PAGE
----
Open the start menu and search for Network Connections (On Windows 10 you just write it after clicking the Windows button), press enter.

  1. Right-click on the Network Adapter you are using —> Properties —> Internet Protocol Version 4 (ICP/IP), click  Properties.
  2. The DNS line should be set to Obtain DNS server automatically. If it is not, set it yourself.
  3. Click on Advanced —> the DNS tab. Remove everything here (if there is something) —> OK.



  • After you complete this step, the threat will be gone from your browsers. Finish the next step as well or it may reappear on a system reboot.

Right click on the browser’s shortcut —> Properties.

NOTE: We are showing Google Chrome, but you can do this for Firefox and IE (or Edge).


Properties —–> Shortcut. In Target, remove everything after .exe.

ie9-10_512x512  Remove from Internet Explorer:

Open IE, click  IE GEAR —–> Manage Add-ons.

pic 3

Find the threat —> Disable. Go to IE GEAR —–> Internet Options —> change the URL to whatever you use (if hijacked) —> Apply.

firefox-512 Remove from Firefox:

Open Firefoxclick  mozilla menu  ——-> Add-ons —-> Extensions.

pic 6

Find the adware/malware —> Remove.
chrome-logo-transparent-backgroundRemove from Chrome:

Close Chrome. Navigate to:

 C:/Users/!!!!USER NAME!!!!/AppData/Local/Google/Chrome/User Data. There is a Folder called “Default” inside:

Rename the Folder to Backup Default

Rename it to Backup Default. Restart Chrome.


Type Regedit in the windows search field and press Enter.

Inside, press CTRL and F together and type the threat’s Name. Right click and delete any entries you find with a similar name. If they don’t show up this way, go manually to these directories and delete/uninstall them:

  • HKEY_CURRENT_USER—-Software—–Random Directory. It could be any one of them – ask us if you can’t discern which ones are malicious.
    HKEY_CURRENT_USER—-Software—Microsoft—-Windows—CurrentVersion—Run– Random
    HKEY_CURRENT_USER—-Software—Microsoft—Internet Explorer—-Main—- Random

If the guide doesn’t help, download the anti-virus program we recommended or try our free online virus scanner. Also, you can always ask us in the comments for help!

How dangerous?

We already pointed out that browser hijackers are not the same as viruses and are certainly not as dangerous as malicious and noxious malware threats the likes of Trojans, Worms, Ransomware, Spyware and so on. That being said, the sheer intrusiveness and irritation that comes from most hijackers is more than enough for most users and security researchers to regard them as potentially unwanted. Furthermore, although there’s usually no malicious code inside most hijackers, their activities might still lead to the exposure of your computer to various security risks. One important example here is the advertising materials generated by such software and their potential to be unsafe at times. Sure, not every advert coming from a hijacker is a security risk but some of them might as well be. It’s, therefore, safer to keep your distance from them and, of course, the best way to do that is to simple eliminate their source which in this case would be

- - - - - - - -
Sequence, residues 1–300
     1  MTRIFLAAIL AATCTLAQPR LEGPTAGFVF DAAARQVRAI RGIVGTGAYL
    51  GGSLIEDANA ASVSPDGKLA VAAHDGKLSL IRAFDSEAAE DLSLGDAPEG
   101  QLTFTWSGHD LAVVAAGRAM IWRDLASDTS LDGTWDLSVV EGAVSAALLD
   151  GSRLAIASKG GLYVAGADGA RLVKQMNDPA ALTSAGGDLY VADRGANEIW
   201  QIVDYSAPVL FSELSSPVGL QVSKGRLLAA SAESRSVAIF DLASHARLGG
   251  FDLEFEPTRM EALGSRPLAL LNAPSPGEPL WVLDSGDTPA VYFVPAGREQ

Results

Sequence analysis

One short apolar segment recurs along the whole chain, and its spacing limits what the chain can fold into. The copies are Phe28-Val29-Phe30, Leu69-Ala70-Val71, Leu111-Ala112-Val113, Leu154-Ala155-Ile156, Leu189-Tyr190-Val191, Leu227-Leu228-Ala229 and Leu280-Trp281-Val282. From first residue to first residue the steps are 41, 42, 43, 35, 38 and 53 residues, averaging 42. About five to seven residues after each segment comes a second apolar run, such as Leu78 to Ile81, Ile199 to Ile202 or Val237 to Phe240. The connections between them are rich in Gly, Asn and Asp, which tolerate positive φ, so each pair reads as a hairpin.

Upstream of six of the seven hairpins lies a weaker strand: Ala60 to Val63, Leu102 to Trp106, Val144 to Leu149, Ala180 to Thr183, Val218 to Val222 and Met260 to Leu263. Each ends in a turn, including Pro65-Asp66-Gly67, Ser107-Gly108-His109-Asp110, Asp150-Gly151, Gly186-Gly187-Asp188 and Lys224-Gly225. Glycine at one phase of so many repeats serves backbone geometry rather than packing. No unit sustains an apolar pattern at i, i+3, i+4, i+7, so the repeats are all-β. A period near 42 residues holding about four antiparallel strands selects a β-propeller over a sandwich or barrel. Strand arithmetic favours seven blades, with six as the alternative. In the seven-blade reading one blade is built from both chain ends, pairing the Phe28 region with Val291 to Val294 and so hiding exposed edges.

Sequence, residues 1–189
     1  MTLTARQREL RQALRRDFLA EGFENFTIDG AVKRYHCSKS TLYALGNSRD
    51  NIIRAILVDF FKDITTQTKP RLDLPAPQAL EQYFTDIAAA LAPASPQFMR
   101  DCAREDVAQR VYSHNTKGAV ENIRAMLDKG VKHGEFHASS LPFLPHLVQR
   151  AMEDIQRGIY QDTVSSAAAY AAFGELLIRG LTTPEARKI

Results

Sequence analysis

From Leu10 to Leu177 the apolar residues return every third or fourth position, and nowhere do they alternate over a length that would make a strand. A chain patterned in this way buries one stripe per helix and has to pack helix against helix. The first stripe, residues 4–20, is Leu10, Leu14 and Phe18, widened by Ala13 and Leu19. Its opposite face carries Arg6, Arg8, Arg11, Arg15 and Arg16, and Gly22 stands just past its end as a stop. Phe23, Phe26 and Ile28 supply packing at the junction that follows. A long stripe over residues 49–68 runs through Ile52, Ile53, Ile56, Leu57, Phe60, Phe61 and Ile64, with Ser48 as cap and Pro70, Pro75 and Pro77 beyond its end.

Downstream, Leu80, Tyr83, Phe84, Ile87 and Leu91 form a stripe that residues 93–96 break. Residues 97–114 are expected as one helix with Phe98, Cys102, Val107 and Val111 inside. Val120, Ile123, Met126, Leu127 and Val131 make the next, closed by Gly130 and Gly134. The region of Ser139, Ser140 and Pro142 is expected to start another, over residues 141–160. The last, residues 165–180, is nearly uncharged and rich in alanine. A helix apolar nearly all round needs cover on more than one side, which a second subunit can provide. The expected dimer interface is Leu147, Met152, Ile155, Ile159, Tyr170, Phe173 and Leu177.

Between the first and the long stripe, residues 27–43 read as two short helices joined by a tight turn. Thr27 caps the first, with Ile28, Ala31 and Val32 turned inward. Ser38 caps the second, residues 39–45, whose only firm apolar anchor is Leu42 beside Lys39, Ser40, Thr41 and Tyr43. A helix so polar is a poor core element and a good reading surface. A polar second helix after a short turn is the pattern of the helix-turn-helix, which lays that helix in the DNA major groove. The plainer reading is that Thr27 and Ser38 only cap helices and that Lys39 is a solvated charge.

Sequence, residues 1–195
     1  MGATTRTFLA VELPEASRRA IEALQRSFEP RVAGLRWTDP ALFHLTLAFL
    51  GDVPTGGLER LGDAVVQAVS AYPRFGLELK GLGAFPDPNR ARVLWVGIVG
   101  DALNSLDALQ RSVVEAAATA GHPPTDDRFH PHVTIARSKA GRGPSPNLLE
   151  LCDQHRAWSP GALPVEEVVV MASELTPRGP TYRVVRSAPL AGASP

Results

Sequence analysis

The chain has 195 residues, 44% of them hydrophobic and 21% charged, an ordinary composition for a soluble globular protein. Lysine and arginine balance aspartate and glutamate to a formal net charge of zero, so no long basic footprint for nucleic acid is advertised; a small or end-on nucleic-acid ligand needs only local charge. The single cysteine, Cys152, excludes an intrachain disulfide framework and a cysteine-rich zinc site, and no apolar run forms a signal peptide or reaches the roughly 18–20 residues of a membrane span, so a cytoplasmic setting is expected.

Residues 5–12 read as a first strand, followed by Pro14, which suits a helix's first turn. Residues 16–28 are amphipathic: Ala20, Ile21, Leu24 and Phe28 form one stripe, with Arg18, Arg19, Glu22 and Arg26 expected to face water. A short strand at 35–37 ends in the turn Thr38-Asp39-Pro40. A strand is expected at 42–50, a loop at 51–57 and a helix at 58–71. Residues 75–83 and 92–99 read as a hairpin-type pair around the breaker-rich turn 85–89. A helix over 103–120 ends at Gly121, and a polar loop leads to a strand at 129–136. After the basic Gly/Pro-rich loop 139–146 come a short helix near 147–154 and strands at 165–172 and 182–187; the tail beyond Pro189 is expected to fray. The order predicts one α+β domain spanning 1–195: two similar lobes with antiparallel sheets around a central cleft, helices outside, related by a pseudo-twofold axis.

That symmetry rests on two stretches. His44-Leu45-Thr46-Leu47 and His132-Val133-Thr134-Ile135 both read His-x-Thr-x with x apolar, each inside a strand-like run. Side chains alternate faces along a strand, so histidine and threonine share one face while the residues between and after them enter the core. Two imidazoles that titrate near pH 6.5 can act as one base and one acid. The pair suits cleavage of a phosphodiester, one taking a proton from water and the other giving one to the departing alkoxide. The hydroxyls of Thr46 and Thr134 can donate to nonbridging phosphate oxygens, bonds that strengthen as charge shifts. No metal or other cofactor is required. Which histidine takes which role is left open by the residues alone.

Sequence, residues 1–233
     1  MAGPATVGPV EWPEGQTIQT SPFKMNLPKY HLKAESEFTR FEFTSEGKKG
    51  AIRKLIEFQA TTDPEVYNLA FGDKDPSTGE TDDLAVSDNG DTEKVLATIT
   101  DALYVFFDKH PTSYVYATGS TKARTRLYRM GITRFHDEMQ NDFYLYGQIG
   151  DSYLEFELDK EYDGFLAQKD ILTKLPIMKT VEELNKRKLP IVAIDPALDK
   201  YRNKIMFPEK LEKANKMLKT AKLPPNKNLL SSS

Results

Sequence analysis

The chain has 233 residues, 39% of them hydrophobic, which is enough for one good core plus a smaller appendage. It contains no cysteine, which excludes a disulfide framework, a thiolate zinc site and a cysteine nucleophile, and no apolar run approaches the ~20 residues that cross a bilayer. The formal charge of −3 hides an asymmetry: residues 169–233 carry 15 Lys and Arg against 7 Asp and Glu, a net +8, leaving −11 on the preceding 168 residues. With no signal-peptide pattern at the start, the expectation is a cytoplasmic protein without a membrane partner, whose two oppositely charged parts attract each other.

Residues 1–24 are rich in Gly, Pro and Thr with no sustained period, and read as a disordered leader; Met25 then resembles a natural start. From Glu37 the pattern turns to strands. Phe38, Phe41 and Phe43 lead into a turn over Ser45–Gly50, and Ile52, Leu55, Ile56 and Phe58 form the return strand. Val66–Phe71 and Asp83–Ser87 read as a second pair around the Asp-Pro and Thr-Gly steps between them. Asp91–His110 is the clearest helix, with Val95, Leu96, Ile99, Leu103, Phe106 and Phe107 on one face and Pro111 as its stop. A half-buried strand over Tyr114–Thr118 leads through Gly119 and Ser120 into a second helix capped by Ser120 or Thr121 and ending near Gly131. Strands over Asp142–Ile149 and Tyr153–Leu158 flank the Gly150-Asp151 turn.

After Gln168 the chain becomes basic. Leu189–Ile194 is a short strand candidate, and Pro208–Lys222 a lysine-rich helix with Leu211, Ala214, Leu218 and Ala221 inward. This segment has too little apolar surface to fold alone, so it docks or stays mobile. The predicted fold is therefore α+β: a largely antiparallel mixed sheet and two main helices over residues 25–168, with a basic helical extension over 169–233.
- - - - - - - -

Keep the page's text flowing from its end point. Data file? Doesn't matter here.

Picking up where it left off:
Distribution of hijacker software

Some apps that fall under this category have official sites but in most cases users get browser hijacker installed on their machines in other ways (usually without even realizing it). For instance, spam e-mails and misleading Internet offers, download suggestions and ads are oftentimes used as tools for hijacker distribution. Also, it is really common for such a unwanted app to get bundled with another program and get installed alongside it. That is why, you ought to be really considerate regarding the pages you visit online and regarding the content you interact with. Also, be sure to always be in control of the installation of any new piece of software you have downloaded on your PC. It’s preferable if you use the Advanced/Expanded setup settings instead of the Quick/Default ones, as the latter are likely to have the installation of any bundled content enabled by default. On the flip side, using the Advanced/Custom options would allow you to leave ou anything you might not want to have on your PC which is exactly what we’d advise you to do.


Type  Browser Hijacker
Danger Level Medium (nowhere near threats like Ransomware, but still a security risk)
Symptoms  Anything from unwanted changes to your browser to frequent page redirects and generation of random web-ads on your screen.
Distribution Method Software bundling, spam, questionable downloads, misleading pages, fake offers, etc.
Detection Tool